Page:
See what I mean? It's gorgeous. Now, having finished the novel, I kind of do and I kind of don't regret having picked it up. Let me explain.
The novel opens just as F Scott Fitzgerald (Scott) has been offered a contract at MGM for $1,000 a week to fix scripts. He is broke, in debt and struggling with an alcohol addiction. His wife, Zelda, is in an institution and his daughter, Scottie is at boarding school. He packs up his hotel room, gets on a train and moves to Hollywood.
Once there, he starts work at "the Iron Lung" - the MGM building named after its late head Irving Thalberg (whom Scott liked and on whom his final work, The Last Tycoon, was based). He bumps into his old friends from New York, like Dorothy Parker and Alan Campbell, and moves into the same apartment block as Humphrey Bogart (Bogie) and his second wife Mayo Methot (what a name!). This frequent and excellent research/name-dropping is the absolute best bit of this book. I spent just as much time on Wikipedia as I did actually reading the text and I now have a huge pile of books and DVDs on my desk waiting for me to find the time to read and watch them, starting with Tender is the Night and including Parker, Hemingway and Zelda's novel for good measure. When my eyes are tired from reading too much, I'll watch early Bogart and Crawford films and then the original A Star is Born, which I have (shamefully) never seen but was partly written by the great Dorothy Parker. This book inspired me to re-enter this amazing period in literature and film and for that I am incredibly grateful.
But. BUT! The protagonist of this book is supposed to be F Scott Fitzgerald. It is not F Scott Fitzgerald. Like many Scott fans, my knowledge of him has mainly been cobbled together from articles in Sunday papers, Matthew J Buccoli's biography Some Sort of Epic Grandeur, and reading his novels nine million times. Scott had his faults but he is my true literary boyfriend and I love him completely. One of his faults was his alcoholism, which defined him for much of his career. However, in West of Sunset, booze is just not that big a deal. Sure, references are made to empty bottles of gin and a bender or two but there is no sense of the great thirst that F Scott Fitzgerald was reportedly believed to have destroyed his life and his literary promise. Once he got to Hollywood, he just drank a lot of Coke and had an occasional gimlet. I did not buy that for one second. Alcoholics just don't give up alcohol that easily and with that little drama.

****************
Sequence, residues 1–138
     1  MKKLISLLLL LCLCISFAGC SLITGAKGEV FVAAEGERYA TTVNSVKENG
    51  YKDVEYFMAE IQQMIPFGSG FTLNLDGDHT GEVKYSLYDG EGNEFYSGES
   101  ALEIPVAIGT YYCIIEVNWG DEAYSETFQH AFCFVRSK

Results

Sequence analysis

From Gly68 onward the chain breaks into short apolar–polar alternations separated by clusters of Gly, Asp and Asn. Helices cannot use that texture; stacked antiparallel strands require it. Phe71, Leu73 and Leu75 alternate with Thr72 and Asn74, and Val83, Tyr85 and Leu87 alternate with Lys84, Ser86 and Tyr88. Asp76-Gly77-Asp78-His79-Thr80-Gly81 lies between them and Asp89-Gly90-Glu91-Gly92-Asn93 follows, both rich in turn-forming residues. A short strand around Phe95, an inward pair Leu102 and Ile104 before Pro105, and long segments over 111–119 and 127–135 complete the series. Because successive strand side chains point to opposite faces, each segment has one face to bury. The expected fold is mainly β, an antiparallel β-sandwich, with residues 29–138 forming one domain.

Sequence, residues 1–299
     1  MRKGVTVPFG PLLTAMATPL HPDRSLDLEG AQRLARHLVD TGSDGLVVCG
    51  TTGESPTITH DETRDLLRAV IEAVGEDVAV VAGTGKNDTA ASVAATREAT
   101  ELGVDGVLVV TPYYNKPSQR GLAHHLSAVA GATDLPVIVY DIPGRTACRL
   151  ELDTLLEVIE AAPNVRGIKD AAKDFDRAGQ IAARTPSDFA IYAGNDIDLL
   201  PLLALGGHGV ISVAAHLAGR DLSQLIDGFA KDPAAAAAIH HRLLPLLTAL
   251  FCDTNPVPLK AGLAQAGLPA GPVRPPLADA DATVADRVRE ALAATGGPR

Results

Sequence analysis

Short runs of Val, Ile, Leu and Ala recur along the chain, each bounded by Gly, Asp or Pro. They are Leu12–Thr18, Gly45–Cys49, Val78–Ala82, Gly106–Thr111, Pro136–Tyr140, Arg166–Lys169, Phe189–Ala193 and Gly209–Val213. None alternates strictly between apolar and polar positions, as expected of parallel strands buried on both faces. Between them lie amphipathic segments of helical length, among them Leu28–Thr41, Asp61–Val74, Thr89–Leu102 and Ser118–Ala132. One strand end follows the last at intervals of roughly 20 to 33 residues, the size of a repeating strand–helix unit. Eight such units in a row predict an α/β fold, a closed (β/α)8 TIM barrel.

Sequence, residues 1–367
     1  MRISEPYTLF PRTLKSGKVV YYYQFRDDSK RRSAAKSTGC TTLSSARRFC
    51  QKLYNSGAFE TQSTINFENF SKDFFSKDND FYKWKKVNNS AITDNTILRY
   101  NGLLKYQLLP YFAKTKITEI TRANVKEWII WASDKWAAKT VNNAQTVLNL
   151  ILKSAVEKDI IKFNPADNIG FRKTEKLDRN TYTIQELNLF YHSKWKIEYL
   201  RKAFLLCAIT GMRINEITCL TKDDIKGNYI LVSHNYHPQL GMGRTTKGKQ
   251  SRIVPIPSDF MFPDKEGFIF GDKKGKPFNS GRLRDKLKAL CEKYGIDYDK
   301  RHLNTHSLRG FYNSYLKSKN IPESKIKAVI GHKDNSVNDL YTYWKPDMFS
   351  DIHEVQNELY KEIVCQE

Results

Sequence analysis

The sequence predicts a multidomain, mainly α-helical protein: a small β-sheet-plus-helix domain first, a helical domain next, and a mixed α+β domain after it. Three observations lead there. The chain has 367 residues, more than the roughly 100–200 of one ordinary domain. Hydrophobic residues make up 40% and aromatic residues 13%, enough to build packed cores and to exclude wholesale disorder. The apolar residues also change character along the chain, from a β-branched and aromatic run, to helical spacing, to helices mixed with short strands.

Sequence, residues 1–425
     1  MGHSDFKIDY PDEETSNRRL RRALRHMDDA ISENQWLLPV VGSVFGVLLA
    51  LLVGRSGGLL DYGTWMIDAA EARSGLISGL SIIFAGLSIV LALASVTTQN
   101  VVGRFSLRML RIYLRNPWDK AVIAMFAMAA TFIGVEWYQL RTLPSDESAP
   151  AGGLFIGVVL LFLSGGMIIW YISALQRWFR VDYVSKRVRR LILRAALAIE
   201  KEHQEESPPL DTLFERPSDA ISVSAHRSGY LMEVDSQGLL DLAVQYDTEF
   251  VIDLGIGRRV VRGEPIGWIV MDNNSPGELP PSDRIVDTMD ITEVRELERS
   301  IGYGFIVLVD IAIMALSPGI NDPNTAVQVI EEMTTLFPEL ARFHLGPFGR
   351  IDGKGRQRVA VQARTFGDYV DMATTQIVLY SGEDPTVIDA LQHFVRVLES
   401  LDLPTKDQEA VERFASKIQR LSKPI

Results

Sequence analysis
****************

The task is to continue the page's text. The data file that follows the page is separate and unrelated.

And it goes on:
What's more, O'Nan's Scott just walks around feeling sorry for everyone all the time. He feels sorry for Dorothy Parker, because they slept together a few times in the 1920s and he thinks it's a mistake but she'd go another round if he was up for it (never! Dottie was divine and Scotty was gorgeous; hence, never a regret. He should have been flattered or amused.). He feels sorry for his daughter, his wife, Bogie, Dietrich, Hemingway, Joan Crawford, everyone, including himself. The author of The Great Gatsby, who so exquisitely captured human emotion and the sense of both a particular time and the human condition, would never be reduced to just one key emotion: pity. I would have bought him wallowing in a bit of self-pity, but not all-around self-defining directed-at-everyone pity. Also, Sheilah Graham comes off like a bit of a pill and I just did not get her appeal at all. I know the real F Scott Fitzgerald was infatuated with her but it just did not translate for me through this book at all.
So, I didn't hate the book. I didn't like it and I absolutely would not recommend it but I am thankful to it for reminding me about a period of time I had forgotten about. Three stars.